New Year, New Crisis Plan

When was the last time you reviewed your crisis response plan?

Whether they would admit or not, many organizations either do not have a crisis response plan or have one that is barely, if ever, reviewed. In the changing political and global context of today, having a dynamic crisis response plan that aligns with your business and is integrated across channels is critical to your operations.

In my experience, crises have a higher tendency to occur as a result of actions taken by an organization or in response to their mission or philosophy. You may, without realizing it, trigger a crisis by your actions – the releasing of a statement, a comment, a change in direction, an exit from a country, an issue with a program, funding, etc.

Rule number one with a crisis is that it will be incredibly fast-moving and will involve both digital and traditional media. Rule number two is that the issue that becomes a crisis will shock you – it will not be what you expect. Rule number three is that the press will seek comment from anyone with a relationship with the organization, past and present.

Some important tips:

  • Ensure senior leadership is committed and involved in the development of your plan (or updating your existing plan) and is actively engaged in live drills across the organization at least twice a year.
  • Be ready to respond and take control of the message with prepared spokespeople – not associated with the organization – who can speak on your behalf and to have supporters counter accusations on digital or start counter campaigns if needed.
  • Respond quickly – do not sit on the issue or bury your head in the sand – the longer you wait to respond, the more intense the crisis will become. Publicly provide action steps that you plan to take, the timeline in which you will take them and keep apologies short, and only apologize once.
  • Avoid becoming social shy – several recent crises showed that organizations and individuals tend to avoid digital when the heat is turned up, locking comments or maintaining scheduled posts throughout. You cannot – no matter how negative the comments or the campaigns or the memes – avoid your digital platforms.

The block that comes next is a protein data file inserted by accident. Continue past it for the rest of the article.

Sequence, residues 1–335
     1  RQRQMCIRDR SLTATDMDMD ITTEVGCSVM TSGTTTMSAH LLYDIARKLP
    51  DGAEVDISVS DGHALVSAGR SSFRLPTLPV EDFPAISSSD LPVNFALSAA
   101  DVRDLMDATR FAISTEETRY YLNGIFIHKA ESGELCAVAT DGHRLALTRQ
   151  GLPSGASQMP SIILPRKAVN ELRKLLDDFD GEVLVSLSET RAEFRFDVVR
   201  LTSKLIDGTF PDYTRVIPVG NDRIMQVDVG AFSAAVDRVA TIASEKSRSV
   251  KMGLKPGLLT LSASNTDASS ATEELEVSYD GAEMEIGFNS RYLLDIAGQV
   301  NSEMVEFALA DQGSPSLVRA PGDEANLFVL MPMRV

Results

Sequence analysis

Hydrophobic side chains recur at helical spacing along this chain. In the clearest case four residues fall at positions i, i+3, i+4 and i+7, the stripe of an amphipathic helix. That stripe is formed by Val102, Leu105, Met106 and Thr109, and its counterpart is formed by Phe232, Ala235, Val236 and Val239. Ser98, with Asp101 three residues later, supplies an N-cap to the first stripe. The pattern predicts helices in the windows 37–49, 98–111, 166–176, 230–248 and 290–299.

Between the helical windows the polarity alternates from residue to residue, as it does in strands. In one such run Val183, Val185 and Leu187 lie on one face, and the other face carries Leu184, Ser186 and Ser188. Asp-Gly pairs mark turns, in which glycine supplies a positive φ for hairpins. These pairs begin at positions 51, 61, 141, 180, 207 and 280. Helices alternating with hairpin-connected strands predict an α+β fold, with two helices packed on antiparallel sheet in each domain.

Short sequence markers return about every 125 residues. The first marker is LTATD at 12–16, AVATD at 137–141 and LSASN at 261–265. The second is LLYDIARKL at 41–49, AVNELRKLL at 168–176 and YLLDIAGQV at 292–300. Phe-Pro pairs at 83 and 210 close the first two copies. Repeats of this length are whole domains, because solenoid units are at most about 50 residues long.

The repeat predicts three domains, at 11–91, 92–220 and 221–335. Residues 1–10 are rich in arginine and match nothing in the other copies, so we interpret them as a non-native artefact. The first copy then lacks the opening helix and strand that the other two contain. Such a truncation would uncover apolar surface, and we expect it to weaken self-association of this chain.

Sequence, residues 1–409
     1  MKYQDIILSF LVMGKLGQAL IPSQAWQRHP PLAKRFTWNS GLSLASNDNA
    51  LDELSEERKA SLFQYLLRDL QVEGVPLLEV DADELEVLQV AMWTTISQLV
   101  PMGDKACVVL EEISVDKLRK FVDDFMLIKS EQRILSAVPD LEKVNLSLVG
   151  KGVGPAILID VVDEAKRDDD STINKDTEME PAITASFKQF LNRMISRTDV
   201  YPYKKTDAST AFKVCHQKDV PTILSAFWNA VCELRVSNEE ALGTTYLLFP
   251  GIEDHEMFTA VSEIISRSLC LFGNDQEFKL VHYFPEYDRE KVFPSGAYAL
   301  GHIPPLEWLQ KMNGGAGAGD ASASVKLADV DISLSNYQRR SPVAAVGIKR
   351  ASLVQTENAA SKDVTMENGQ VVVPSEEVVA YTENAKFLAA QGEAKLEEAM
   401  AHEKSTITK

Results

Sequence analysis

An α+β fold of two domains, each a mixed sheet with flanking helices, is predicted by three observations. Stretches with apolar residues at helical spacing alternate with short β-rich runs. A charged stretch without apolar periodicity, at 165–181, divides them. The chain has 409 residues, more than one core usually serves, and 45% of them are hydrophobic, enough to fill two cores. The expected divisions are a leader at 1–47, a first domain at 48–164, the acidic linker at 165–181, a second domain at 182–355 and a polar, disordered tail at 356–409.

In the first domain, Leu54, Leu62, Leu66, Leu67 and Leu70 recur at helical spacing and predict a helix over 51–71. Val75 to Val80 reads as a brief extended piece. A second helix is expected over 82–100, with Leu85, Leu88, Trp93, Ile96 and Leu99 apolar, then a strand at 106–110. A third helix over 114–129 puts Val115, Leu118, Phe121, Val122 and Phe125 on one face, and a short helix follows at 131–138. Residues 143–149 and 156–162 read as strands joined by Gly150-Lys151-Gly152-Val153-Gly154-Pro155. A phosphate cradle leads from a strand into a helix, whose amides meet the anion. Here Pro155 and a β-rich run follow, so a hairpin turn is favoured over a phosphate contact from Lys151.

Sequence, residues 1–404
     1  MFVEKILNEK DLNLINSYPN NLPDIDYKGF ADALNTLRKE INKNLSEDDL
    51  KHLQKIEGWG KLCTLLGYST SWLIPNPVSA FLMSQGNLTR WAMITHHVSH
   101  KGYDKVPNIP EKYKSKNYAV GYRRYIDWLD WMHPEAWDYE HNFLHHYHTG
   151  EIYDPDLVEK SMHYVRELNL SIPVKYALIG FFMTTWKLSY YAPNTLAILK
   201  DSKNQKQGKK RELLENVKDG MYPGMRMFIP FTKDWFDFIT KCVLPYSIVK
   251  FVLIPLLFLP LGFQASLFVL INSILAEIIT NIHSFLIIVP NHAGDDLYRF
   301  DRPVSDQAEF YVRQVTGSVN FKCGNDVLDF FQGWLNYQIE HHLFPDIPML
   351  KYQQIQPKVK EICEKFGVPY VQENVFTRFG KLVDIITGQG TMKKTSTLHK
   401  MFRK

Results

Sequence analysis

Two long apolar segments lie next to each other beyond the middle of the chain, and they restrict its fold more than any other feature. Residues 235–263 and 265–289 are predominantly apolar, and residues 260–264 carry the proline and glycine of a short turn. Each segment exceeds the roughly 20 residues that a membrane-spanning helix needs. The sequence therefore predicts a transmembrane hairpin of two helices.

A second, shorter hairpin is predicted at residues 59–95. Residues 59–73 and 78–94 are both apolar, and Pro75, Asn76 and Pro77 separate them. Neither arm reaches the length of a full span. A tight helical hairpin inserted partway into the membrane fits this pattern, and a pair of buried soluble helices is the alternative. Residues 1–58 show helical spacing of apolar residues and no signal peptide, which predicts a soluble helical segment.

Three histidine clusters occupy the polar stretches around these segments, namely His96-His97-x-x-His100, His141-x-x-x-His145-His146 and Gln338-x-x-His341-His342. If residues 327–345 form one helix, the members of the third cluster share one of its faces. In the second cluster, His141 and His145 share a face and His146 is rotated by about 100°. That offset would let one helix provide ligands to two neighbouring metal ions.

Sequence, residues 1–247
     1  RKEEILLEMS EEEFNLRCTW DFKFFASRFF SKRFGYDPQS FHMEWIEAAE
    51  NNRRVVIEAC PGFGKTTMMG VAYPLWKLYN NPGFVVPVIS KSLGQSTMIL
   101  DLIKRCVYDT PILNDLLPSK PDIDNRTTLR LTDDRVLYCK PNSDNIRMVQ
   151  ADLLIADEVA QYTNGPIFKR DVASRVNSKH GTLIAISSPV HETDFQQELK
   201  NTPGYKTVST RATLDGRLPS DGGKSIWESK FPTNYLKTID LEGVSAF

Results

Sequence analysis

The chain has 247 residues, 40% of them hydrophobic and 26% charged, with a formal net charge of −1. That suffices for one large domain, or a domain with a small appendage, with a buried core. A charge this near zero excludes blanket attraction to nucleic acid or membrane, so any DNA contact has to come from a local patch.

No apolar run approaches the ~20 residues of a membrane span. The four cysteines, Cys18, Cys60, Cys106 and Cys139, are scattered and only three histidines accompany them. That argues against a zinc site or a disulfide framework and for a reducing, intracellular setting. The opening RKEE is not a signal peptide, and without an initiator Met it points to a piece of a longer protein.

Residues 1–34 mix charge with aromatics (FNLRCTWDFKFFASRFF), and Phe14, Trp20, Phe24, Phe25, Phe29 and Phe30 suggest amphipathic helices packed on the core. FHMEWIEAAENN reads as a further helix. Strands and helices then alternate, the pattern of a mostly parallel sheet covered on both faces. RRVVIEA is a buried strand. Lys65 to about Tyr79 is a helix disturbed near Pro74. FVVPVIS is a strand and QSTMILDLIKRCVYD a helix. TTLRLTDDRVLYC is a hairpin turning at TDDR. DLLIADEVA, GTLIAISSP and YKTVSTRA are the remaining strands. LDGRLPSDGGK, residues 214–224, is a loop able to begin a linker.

• Monitor digital, emails and calls so that any press that contact you are directed to the media team taking charge of vetting incoming calls and one spokesperson who had previously been trained and selected as the crisis spokesperson.
  • Stick with your talking points each time your spokesperson is interviewed to ensure that they are consistent with the facts. If an error has been made, admit it and state the necessary steps to ensure it will not happen again in the future – and make those steps publicly known.

The more visible you are, the more others may try to use your visibility for their own objectives and to advance their own agendas – for both positive and negative reasons. Recognizing the power of the collective and engaging with it will enable your brand to stay flexible and aware of changing trends and sentiments. But being prepared, and ensuring your leadership is prepared, is your ultimate strategy.

 

A Reality Check for Your Global Communications Strategy

When was the last time you took a hard look at your communication channels and compared the message and experience with your communications strategy? Are they aligned?

Most of us use analytics as the litmus test for communications campaigns to prove return on investment. The downside of which can make us quite micro-focused, losing sight of the overall messaging and experience. And in a global context, with different staff managing different channels, this is where drift can come in over time – undermining your efforts to support your company’s goals long-term.

Here is a checklist to help your realign your day-to-day efforts with your strategy:

Revisit your strategy, as a team: Review your current strategy with your team and compare it to your company’s strategy. Are they still aligned? Have there been changes in your market due to competition or a disruptor? Is there a need to make adjustments? Then review your communications strategy and goals against the reality of what has actually been happening to ensure you are on track.

Create a strategy culture: Hold regular meetings around the strategy with your staff. Create buy-in by assigning ownership of quarterly goals, either through KPIs and/or by team agreement. Encourage staff to be more cognizant of the long-term and reward them for it.

Implement supportive technology. Do you have a dashboard that reflects your overall strategic goals or are they campaign based? Are you using annual editorial calendars matched to your strategic goals? Audit what you and your team are using on a day-to-day basis and ensure they are aligned to your strategic goals.

Engage your customers. Have you been engaging directly or indirectly with your customers (or stakeholders) lately on your channels? Conduct some Google Hangout focus groups with a cross-section of your customers as a message and experience check-in. Make this a regular habit.

Being Don Draper is not easy

Over the past year, I’ve been hard at work developing a 2-year public awareness campaign. Next week, the first ad spots for this campaign will air on national broadcast and cable channels here in the US as a second phase of the campaign. The first phase was a soft launch on social media in December. Many lessons were learned from creating the campaign plan to selling the idea to leadership and to members of the Board of Directors across the country. Many modifications were made along the way, but the vision remained the same. Here are my five lessons learned: